In most people, cancer occurs by chance. However, a small number of people who develop breast cancer have inherited a harmful variant (change) in a breast cancer susceptibility gene. Individuals with a harmful variant have an increased risk of developing breast cancer. It’s important to know and understand your risk for the BRCA gene mutation. If you have any of the risk factors, speak with us about genetic testing.
Breast cancer multiple-gene panel test
Our test includes genes associated with hereditary breast cancer: BRCA1, BRCA2, PALB2,CHEK2, ATM, RAD51C and RAD51D. Individuals with a harmful variant in one of these genes have an increased risk of developing breast cancer compared to the average person. A harmful variant may also increase the risk of other types of cancer, for example ovarian cancer. The risk of breast cancer and of other cancers differs with each gene.
What are BRCA mutations?
Things don’t always go as planned inside your cells. Sometimes, cells grow too fast or DNA becomes damaged. Certain proteins — called tumor suppressor proteins — step in when these things happen and address the problem by slowing cell growth, repairing damaged DNA, and even directing some damaged cells to stop working altogether.
BRCA1 and BRCA2 are genes that code for tumor suppressor proteins. BRCA gene mutations may cause the body to build or fold these proteins incorrectly. This prevents them from doing their jobs. Cancer can be caused by cells that grow out of control or damaged DNA. The cancers most associated with BRCA mutations are breast cancer and ovarian cancer. BRCA mutations are uncommon, but they may be inherited. The risk of having a BRCA mutation is linked to your family history.
You receive two copies of each of your genes — one from each biological parent. If one of your parents carried a BRCA mutation, you have a 50 percent chance of having that mutation yourself. If you have a family member with a known BRCA mutation or if you meet the screening recommendations, you can take a genetic test to check for BRCA mutations.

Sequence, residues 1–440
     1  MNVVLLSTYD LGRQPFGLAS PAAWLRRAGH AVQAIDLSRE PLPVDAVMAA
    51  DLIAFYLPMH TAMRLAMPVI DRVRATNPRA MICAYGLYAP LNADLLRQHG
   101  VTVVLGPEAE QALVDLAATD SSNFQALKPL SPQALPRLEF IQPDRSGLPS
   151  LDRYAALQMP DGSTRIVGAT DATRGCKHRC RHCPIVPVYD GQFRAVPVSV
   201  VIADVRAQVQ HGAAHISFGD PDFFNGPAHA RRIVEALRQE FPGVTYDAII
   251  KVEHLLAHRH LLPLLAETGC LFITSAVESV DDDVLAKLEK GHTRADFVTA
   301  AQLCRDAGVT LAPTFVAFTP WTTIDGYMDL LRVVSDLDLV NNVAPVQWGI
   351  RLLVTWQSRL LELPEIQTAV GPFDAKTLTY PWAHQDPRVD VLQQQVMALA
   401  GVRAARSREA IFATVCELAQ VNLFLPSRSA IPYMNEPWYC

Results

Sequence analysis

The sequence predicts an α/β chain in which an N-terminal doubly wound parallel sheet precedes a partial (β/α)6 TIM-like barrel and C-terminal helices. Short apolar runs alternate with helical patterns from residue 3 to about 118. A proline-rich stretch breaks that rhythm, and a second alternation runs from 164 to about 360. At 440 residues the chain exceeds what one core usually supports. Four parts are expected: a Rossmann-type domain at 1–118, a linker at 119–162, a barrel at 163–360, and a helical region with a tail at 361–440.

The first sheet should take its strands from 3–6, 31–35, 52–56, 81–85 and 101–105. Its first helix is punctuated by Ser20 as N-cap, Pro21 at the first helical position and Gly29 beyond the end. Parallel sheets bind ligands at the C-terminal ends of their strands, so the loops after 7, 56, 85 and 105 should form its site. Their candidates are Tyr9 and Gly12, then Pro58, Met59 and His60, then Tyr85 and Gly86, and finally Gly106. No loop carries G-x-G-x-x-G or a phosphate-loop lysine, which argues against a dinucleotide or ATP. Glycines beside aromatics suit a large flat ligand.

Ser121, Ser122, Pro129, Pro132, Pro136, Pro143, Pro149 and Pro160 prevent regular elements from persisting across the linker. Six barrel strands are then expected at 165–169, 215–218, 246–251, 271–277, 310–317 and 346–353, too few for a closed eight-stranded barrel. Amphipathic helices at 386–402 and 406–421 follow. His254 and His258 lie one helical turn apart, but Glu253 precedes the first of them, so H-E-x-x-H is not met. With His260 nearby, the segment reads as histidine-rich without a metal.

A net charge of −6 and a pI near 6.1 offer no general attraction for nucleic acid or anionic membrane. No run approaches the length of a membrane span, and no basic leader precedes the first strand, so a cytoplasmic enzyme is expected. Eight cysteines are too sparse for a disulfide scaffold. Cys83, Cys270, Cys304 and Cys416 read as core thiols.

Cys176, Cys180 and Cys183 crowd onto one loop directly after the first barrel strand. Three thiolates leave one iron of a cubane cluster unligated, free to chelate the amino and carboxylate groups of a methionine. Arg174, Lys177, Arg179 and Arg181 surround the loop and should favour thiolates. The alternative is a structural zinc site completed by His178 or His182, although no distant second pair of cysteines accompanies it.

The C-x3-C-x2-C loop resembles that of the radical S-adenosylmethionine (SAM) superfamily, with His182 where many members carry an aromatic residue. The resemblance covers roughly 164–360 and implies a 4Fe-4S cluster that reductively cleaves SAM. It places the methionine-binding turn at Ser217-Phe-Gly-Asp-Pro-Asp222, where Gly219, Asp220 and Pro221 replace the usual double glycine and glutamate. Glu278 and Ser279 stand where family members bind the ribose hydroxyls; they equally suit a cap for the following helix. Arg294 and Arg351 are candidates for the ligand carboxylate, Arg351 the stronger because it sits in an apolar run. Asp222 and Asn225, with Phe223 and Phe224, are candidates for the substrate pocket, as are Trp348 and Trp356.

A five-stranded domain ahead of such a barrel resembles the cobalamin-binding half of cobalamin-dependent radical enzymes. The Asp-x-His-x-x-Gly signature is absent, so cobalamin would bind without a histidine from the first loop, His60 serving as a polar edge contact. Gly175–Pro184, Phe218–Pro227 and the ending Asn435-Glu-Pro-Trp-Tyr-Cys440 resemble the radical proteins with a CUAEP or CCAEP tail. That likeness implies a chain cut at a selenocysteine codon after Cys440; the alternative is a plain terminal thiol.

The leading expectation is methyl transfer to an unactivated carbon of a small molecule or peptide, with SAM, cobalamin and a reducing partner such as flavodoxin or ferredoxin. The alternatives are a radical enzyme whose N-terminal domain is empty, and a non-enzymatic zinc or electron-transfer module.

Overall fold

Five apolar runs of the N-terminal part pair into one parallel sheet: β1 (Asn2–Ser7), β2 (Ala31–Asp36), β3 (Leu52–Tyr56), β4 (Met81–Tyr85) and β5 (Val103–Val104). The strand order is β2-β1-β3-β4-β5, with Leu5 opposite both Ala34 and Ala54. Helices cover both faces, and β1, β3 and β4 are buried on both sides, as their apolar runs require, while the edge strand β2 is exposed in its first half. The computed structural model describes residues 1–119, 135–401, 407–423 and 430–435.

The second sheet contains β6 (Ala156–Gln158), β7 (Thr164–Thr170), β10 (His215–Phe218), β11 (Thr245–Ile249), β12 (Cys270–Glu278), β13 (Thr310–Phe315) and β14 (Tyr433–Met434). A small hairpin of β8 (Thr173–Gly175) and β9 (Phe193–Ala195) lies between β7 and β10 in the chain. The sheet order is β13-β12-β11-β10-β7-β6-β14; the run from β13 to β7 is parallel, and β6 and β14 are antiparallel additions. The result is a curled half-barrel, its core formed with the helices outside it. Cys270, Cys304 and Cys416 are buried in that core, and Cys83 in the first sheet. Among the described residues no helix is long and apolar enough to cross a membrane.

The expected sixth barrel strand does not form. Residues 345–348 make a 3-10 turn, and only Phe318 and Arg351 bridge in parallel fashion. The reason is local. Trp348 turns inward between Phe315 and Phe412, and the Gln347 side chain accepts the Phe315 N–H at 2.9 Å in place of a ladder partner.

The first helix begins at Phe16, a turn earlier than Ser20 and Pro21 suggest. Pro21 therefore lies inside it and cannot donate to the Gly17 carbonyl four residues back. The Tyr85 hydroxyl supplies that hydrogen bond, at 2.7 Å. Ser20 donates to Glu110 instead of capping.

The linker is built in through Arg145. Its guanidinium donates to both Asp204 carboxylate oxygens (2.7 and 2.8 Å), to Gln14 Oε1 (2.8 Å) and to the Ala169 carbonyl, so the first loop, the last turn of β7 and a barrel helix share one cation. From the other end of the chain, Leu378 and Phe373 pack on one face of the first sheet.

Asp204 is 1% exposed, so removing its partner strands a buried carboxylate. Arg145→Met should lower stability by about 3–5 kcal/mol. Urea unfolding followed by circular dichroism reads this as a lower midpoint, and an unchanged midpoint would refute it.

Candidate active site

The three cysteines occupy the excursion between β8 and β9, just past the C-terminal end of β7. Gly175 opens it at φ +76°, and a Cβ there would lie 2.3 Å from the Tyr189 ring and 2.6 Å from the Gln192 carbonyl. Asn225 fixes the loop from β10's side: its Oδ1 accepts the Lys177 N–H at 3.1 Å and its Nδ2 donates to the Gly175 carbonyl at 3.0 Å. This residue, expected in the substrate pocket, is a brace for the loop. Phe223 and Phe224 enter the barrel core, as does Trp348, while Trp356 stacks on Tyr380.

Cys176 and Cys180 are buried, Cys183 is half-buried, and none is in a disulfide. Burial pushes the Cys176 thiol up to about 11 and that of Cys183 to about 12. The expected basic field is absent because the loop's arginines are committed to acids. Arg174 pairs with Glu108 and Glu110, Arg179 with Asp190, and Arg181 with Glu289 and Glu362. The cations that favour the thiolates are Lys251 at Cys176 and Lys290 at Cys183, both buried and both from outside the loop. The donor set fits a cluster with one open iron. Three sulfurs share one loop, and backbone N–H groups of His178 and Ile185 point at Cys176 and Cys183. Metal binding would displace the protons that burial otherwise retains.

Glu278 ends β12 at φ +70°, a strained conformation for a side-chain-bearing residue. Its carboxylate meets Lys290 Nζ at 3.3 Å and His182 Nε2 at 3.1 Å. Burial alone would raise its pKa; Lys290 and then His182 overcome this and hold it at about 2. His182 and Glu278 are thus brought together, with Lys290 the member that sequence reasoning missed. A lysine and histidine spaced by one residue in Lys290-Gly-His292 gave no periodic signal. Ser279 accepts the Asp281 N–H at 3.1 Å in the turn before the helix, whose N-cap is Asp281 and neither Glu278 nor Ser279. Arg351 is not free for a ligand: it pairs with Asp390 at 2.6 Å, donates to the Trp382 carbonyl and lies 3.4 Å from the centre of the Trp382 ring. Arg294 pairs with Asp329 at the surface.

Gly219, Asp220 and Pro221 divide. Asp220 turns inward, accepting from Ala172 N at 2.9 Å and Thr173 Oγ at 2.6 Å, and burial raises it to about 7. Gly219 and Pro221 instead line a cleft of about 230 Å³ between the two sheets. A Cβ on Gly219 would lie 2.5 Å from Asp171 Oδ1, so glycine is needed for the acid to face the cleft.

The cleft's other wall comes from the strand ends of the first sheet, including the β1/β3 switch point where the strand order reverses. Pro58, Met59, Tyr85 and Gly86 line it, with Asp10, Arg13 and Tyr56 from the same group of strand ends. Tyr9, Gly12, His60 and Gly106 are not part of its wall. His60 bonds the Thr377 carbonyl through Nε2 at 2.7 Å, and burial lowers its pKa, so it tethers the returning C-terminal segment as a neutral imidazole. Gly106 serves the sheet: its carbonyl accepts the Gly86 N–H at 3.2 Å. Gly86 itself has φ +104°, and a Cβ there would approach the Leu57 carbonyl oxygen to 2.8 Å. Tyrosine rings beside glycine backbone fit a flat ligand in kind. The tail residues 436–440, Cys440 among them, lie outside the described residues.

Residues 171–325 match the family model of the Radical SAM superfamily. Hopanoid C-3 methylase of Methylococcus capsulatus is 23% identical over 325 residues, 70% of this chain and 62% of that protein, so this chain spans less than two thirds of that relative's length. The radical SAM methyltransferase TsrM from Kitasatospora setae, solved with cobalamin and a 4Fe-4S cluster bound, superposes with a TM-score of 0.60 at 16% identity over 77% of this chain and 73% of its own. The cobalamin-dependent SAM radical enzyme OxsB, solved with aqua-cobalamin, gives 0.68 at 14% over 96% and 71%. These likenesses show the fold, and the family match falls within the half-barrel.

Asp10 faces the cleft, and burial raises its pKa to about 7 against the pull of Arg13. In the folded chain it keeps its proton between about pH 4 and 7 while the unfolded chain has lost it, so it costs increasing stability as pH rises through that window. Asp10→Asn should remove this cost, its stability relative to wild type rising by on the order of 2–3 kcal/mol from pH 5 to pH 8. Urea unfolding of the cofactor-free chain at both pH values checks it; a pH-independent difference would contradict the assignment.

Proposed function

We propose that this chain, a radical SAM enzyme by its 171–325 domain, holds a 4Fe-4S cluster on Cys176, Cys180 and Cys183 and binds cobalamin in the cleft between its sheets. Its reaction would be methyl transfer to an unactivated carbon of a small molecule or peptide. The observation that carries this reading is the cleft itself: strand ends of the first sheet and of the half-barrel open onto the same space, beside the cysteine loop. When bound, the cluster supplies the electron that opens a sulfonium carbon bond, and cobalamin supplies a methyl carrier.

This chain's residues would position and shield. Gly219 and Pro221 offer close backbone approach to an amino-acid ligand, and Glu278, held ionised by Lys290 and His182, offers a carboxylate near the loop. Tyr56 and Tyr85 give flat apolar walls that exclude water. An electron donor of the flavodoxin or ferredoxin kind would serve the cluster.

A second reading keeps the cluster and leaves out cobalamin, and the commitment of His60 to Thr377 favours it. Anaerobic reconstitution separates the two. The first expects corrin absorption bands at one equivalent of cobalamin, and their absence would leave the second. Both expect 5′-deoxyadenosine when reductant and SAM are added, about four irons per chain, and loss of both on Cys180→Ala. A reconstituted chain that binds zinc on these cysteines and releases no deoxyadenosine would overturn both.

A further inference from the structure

What are the benefits?
It’s important to know and understand your risk for the BRCA gene mutation or other genes associated with hereditary breast cancer. The test may give us information about why you could develop or developed breast cancer and about your risks of developing new cancers in the future. The information may also help your breast cancer team advise you on the best drugs and surgery to treat you in the best way possible. If we do find a harmful variant, this is also important information for your family.
Who should get tested?
To assess your risk factors for BRCA mutations, we use a screening tool to gather information about your personal history and family history. We may ask questions like:
- Have you or a close relative received a breast cancer diagnosis before age 50 or before menopause?
- Have you or a close relative had cancer in both breasts?
- Have you or a close relative had both breast and ovarian cancer?
- Are you or a close relative a man who had breast cancer?
- Do you have Ashkenazi Jewish heritage?
- Do any of your relatives have a known BRCA mutation?
Can men be affected too?
Many of us are familiar with the BRCA1 and BRCA2 genes that, when mutated, are linked to an increased risk of breast cancer in women. But less often discussed is how BRCA gene mutations can affect men.
When a man carries a cancer susceptibility gene mutation, he has a higher risk of developing breast, prostate, and other cancers, as well as the same 50 percent chance of passing that mutation on to his children as women. Despite these facts, when people think of their family history of breast cancer, they tend to consider only their mother’s side of the family tree.
A man’s risk of getting breast cancer is exceedingly low—one in 1000, compared to one in eight for women. So, we don’t do routine breast cancer screening for men. But, for men who have a BRCA mutation, their chance of getting a breast cancer increases quite substantially to as much as one in 20. It’s important to know and understand your risk for the BRCA gene mutation. If you have any of the risk factors, speak with us about genetic testing.
What if no harmful variants are found?
This is the most common result and means it is unlikely that your breast cancer arose due to an inherited harmful variant. It also means that you are not at a greatly risk of developing a new breast cancer in the future and your family members are unlikely to be at greatly increased risk of developing breast cancer. If you do have a family history of cancer in addition to your own diagnosis, it makes sense for you to being tested.